Hello everyone! After about two months of research, ordering, and assembly, I'm happy to present my first ever build.
I got into PC gaming when I purchased a Lenovo y50p a few years ago, and decided it was time for an upgrade. Due to my lifestyle requiring constant travel, I was originally just going to get another laptop (an MSI Ghost-Pro-002 specifically). That was until my wife said
"you should really look at what kind of PC you could build with the money you'd be using on the laptop."
I took a few hours on PCpartpicker and came up with the first draft of this build (which has since changed). I knew I wanted a gaming PC that would last me at least ~3 years on max or high settings, and something that allowed for me to upgrade in the future.
CPU: I went with an i7 after most everyone I showed my build to recommended it, due to the fact that I stream and record/upload content often. I did not plan on overclocking and went with the locked version of the CPU to save a few bucks.
Cooler: My apartment gets very warm, especially in these summer months, so I felt better getting an aftermarket cooler instead of the stock one that came with the i7. This thing was a ***** to install for a first time builder. The diagram they send with isn't the most helpful, and I had a heck of a time figuring out how to put in on correctly.
Mobo: I went with an H-Series mobo due to the fact that I wouldn't be OC'ing. This was a the hardest part of the decision making process in the build for me. I spent the most time of all the parts looking for which mobo to build. I went with the ASRock Fatality due to it's great features for the price point (m.2 slot for starters) and attractive looks. I will admit I realized too late that it doesn't allow for SLI, which I had considered doing in the future. That said, I'm not too upset about it.
RAM: Great reviews, fair price. It's RAM. I went with 16gb because I eventually plan on going dual monitor and I stream often.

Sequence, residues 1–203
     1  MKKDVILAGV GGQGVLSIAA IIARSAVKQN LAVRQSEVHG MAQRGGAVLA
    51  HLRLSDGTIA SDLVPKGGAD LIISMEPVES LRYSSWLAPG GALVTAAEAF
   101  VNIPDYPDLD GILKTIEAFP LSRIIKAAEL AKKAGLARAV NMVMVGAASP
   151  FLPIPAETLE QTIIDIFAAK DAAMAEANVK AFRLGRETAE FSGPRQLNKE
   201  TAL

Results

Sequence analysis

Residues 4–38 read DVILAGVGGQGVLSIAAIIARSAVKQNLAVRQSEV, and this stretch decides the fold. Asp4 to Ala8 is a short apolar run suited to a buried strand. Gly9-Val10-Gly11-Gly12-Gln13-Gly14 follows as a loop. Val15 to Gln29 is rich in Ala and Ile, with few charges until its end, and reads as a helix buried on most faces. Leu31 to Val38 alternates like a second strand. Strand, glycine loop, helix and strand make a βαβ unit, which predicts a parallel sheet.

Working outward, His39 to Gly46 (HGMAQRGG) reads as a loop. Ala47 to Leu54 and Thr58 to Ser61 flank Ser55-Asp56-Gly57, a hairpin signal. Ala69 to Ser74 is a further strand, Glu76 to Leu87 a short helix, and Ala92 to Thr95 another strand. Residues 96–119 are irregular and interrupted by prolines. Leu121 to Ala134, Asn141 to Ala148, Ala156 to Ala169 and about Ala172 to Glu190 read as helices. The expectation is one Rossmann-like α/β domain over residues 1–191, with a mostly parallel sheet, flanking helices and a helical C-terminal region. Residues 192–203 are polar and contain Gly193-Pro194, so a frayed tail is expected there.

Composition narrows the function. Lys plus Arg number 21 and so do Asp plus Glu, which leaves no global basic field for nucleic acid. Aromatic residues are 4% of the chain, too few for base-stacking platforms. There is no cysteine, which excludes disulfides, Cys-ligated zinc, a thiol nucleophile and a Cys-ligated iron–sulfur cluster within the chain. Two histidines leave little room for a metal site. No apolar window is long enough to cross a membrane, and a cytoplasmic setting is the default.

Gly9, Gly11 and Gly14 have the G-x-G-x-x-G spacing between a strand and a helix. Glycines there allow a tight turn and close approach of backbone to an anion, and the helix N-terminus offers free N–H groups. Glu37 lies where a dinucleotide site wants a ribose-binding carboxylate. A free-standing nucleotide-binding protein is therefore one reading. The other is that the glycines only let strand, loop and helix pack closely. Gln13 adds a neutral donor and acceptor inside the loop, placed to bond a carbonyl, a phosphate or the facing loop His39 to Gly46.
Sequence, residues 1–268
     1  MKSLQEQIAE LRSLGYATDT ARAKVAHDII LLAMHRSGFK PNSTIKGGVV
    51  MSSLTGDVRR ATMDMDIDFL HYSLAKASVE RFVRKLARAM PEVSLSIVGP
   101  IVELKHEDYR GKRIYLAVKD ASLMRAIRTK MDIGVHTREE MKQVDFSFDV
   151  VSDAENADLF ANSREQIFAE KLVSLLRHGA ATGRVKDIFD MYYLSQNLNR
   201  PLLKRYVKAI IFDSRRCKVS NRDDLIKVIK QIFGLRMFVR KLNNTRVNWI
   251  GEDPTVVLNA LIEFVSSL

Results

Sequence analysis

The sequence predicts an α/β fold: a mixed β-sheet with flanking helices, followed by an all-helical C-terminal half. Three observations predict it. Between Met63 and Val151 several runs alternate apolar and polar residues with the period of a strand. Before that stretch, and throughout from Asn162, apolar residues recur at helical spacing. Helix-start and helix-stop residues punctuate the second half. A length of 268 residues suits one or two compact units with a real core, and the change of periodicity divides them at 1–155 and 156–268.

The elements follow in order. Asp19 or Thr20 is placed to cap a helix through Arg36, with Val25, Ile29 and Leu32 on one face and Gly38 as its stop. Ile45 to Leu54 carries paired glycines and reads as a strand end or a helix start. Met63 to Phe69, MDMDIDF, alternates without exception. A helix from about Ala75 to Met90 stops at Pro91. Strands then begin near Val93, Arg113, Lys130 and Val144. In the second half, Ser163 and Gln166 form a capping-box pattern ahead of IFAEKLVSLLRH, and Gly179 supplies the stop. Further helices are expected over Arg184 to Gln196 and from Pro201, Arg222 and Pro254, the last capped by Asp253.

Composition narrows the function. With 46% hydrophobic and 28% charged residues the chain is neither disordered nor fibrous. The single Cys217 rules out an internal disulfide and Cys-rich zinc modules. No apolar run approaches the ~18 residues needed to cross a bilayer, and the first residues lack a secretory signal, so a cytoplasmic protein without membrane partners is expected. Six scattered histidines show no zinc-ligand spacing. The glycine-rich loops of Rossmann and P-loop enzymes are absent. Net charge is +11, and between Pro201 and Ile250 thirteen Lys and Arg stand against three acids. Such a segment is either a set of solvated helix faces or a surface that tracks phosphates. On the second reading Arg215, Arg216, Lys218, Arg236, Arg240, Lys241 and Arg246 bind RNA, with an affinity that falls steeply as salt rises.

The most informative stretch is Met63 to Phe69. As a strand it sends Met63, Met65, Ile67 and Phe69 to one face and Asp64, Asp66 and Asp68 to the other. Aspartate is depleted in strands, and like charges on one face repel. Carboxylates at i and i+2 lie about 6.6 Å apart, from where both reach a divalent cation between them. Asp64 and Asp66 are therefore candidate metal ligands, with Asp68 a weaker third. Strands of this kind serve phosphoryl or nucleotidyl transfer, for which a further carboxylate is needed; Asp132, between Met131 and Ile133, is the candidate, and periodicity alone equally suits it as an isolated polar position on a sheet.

Storage: Pretty standard choices here. 240GB SSD and 1TB HDD. I plan on getting an m.2 SSD in the future.
Video Card: Mmmm yes, the 1070. If there was one thing I absolutely knew going into this build, it was that I wanted a 1070. I spent hours on nowinstock.net looking for availability on this thing. I'm very happy I landed a G1. It has 3 cooling fans along the card which fits great with the whole warm apartment thing.
Case: Probably my favourite part of the build. I looooooove how the C70 looks. I travel a lot and do LANs often, so I knew without a doubt that I wanted something with handles. This case fit all my needs with the foldable handles, easy-to-remove side panels, and subtle looks. Also, the power and restart buttons on this case are AWESOME. You have to flip a small panel up to press the restart button. It's like launching a missile.
PSU: Anywhere and everywhere I looked recommended the EVGA Supernova G2. I went with a 650W because it was about double my estimated wattage (thank you pcpp) and was much cheaper than the 750W option.
Optical Drive: Maybe would have liked blu-ray but I don't use blu-ray all that much so I went with the Asus DRW-24b1st because of how cheap it was.
Monitor: This Acer was the only monitor I could find that had 144hz and 1ms for under $200. I knew if I wasn't going 1440p with this 1070 that I wanted a 144hz monitor. I wish this had display port, but all and all I'm pretty happy with this.
Building this thing was an adventure. I learned a TON of things along the way. I had a buddy come over that was a bit more adept at this sort of thing than me, given that he's built 3 of his own PCs.